And when it hit our mailbox, I knew I had to make it.

Preferably make it and bring it somewhere, to share all those fantastically delicious calories with dear friends.  Cake should always be shared, particularly when you're not able to run high mileage because of a stupid injury.

Our friends Mark and Robin had us over for dinner Saturday night, and being a southern gal Robin was delighted to have us bring this cake for dessert.  Perfect.

I also got to try out my new Evenbake Cake Strips, which you soak in water and wrap around the outside of cake pans to help them bake evenly.

They worked great.  I also decided that as long as the cake strips fit around my waist I can continue to bake and eat cake.


Red Velvet Cake
From Saveur magazine, March 2012.  Instead of the cream cheese frosting typically used for red velvet cake, this one uses a whipped cream frosting.  I loved how both the cake and the frosting were not overly sweet.

For the cake:
16 Tablespoons (2 sticks) unsalted butter, room temperature
375 grams (2 1/2 cups) cake flour
2 Tablespoons cocoa powder
1 Tablespoon baking powder
1 teaspoon kosher salt
1 cup buttermilk
2 Tablespoons red food coloring
1 Tablespoon distilled white vinegar
1 teaspoon vanilla extract
300 grams (1 1/2 cups) granulated sugar
2 eggs

Preheat oven to 350 degrees.  Prepare two 8-inch cake pans (butter and flour, or use Pam baking spray).

Sift together the cake flour, cocoa powder, baking powder and kosher salt.

Whisk together the buttermilk, red food coloring, vinegar and vanilla.  I used two tubes of red gel food coloring, which was not quite the 2 Tablespoons called for in the recipe.  The batter looked plenty red to me, and even if I had more food coloring in the house, I'm not sure I could've brought myself to put more in the batter.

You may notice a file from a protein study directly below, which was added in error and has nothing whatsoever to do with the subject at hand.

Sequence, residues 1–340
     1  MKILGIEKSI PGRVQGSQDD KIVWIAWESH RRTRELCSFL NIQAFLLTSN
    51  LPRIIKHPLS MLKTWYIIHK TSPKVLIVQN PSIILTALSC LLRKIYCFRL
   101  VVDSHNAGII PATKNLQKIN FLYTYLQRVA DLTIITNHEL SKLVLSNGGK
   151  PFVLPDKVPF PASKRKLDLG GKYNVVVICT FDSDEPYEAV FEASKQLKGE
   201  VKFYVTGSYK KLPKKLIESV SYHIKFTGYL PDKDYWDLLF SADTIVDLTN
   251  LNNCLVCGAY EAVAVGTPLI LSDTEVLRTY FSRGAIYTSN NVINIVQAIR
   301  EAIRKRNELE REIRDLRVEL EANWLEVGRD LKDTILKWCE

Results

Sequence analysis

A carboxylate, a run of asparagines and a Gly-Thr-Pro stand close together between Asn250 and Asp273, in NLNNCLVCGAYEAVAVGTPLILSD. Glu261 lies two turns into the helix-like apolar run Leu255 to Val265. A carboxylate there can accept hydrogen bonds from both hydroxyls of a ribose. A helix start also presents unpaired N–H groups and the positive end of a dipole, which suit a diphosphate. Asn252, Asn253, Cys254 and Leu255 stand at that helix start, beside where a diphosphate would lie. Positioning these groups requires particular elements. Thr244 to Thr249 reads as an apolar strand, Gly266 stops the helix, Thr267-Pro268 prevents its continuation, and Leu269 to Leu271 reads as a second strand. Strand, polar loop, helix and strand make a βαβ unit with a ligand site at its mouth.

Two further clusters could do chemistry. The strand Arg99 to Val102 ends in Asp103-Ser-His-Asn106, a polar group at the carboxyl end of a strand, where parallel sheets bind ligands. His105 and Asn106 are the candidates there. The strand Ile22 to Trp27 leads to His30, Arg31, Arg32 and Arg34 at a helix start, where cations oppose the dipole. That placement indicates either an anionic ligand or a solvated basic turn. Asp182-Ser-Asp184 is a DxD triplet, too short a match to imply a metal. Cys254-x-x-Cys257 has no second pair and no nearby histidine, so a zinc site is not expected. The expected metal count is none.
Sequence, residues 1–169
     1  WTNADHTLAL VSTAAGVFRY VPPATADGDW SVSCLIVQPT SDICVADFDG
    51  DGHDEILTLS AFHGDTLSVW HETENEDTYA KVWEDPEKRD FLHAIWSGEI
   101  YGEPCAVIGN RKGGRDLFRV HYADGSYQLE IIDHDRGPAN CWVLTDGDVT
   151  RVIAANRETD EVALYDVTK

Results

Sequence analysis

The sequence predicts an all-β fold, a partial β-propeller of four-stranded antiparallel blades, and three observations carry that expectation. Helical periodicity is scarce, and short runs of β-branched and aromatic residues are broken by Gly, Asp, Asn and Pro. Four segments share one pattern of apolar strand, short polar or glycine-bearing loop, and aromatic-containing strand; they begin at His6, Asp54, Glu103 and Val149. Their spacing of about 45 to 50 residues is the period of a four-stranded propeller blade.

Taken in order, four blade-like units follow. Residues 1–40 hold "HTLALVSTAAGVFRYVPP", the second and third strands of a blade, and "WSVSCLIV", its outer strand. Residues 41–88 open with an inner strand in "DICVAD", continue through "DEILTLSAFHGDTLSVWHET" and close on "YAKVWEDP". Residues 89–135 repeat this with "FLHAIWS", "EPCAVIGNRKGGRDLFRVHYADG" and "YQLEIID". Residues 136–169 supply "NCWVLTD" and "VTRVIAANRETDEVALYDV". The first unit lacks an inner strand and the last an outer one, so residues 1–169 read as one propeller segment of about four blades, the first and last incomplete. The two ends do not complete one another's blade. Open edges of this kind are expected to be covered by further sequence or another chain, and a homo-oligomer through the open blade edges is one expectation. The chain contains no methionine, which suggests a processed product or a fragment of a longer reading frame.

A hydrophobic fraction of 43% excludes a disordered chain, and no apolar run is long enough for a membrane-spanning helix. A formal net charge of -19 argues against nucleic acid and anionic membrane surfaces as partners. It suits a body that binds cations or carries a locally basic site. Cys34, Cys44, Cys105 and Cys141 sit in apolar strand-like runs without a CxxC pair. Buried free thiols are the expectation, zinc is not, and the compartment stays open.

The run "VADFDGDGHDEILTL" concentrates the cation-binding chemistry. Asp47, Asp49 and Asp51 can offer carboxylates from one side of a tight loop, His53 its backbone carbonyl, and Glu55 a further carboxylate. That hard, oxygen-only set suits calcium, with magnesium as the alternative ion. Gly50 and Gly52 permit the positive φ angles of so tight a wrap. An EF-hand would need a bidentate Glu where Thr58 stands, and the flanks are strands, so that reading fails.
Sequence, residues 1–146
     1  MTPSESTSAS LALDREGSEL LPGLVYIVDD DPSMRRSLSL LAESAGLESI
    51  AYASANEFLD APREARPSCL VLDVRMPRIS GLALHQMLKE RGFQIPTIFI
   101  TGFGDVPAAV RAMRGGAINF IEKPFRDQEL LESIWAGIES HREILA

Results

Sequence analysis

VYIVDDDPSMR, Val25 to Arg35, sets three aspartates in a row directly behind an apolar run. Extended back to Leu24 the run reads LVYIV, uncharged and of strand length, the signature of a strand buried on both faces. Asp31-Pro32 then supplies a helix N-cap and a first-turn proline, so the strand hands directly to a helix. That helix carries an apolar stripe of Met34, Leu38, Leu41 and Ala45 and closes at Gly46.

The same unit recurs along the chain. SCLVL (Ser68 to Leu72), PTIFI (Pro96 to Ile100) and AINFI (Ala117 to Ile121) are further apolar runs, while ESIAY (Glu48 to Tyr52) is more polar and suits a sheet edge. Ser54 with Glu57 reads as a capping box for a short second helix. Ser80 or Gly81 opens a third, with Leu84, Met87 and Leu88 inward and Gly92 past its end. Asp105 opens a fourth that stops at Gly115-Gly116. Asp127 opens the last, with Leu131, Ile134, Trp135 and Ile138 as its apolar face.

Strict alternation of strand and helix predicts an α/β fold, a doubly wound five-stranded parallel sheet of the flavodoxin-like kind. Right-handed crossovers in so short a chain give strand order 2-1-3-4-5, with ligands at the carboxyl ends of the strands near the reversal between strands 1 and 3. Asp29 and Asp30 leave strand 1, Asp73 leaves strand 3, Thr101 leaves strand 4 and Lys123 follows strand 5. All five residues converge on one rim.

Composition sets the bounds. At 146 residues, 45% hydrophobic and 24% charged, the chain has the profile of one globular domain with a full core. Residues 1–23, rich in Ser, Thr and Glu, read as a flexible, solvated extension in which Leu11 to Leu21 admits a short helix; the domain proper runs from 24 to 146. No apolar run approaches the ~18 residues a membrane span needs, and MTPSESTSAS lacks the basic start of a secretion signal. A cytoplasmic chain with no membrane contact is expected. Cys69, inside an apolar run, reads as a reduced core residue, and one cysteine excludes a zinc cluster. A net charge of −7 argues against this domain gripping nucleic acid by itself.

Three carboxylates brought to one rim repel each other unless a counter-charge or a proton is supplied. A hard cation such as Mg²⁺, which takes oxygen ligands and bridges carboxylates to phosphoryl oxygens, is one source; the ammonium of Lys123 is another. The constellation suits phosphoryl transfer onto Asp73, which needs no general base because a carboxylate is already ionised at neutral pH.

In the bowl of a stand mixer, cream together the butter and sugar until pale and fluffy (about 3 minutes).  Add the eggs one at a time, mixing well after each.  With the mixer on low, add about a third of the flour and mix well.  Add about half of the buttermilk mixture and mix well (and stand back a little, in case you have some spattering from the mixer).  Repeat, ending with the flour.

Pour the batter into the prepared pans.

Drop the pans lightly on the counter, to remove air bubbles.

Bake until done, about 30 minutes.  The top should spring back and a toothpick inserted into the cake should come out clean.  Cool the cakes in the pan on a wire rack for about 20 minutes.
Then turn out onto the wire rack to cool completely.

For the frosting:
1 1/2 cups sugar
1/3 cup flour
1 1/2 cups milk
1 1/2 cups (3 sticks) unsalted butter, room temperature
2 teaspoons vanilla extract

Whisk together the sugar and flour in a 4 quart saucepan; whisk in the milk and bring to a boil over medium-high heat.  Continue whisking over medium-high heat the mixture until is thick and pudding-like, about 5 minutes.  Set aside and let it cool completely.

In a stand mixer, cream together the butter and about a quarter of the pudding on medium-high speed until smooth (about a minute).  Add the rest of the pudding in two additions, beating well after each.  Add the vanilla and increase the speed to high and beat until the frosting is light and fluffy, about 3 minutes.

Assemble the cake:
Place one layer on a platter or cake stand and spread a generous amount of frosting over the top.  Place the other layer on top and apply a very thin layer of frosting to the top and sides.  This is only the "crumb coat" that will be covered with another layer of frosting, which will ensure none of the lovely red cake crumbs will mottle the beautiful white frosting.